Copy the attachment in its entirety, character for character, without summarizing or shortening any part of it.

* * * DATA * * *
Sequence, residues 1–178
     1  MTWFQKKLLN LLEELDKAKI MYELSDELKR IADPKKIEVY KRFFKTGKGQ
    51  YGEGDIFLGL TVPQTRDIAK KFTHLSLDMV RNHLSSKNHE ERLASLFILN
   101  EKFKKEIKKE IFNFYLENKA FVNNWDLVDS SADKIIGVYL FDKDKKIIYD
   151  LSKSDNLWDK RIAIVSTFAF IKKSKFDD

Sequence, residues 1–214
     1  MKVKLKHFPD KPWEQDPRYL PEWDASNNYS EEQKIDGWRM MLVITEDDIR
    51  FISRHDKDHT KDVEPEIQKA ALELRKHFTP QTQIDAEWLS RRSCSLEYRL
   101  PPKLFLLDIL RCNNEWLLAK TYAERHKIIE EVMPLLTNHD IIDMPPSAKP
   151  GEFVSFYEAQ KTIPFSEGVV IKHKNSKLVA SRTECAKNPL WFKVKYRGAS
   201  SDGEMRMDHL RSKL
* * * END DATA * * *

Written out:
Sequence, residues 1–178
     1  MTWFQKKLLN LLEELDKAKI MYELSDELKR IADPKKIEVY KRFFKTGKGQ
    51  YGEGDIFLGL TVPQTRDIAK KFTHLSLDMV RNHLSSKNHE ERLASLFILN
   101  EKFKKEIKKE IFNFYLENKA FVNNWDLVDS SADKIIGVYL FDKDKKIIYD
   151  LSKSDNLWDK RIAIVSTFAF IKKSKFDD

Sequence, residues 1–214
     1  MKVKLKHFPD KPWEQDPRYL PEWDASNNYS EEQKIDGWRM MLVITEDDIR
    51  FISRHDKDHT KDVEPEIQKA ALELRKHFTP QTQIDAEWLS RRSCSLEYRL
   101  PPKLFLLDIL RCNNEWLLAK TYAERHKIIE EVMPLLTNHD IIDMPPSAKP
   151  GEFVSFYEAQ KTIPFSEGVV IKHKNSKLVA SRTECAKNPL WFKVKYRGAS
   201  SDGEMRMDHL RSKL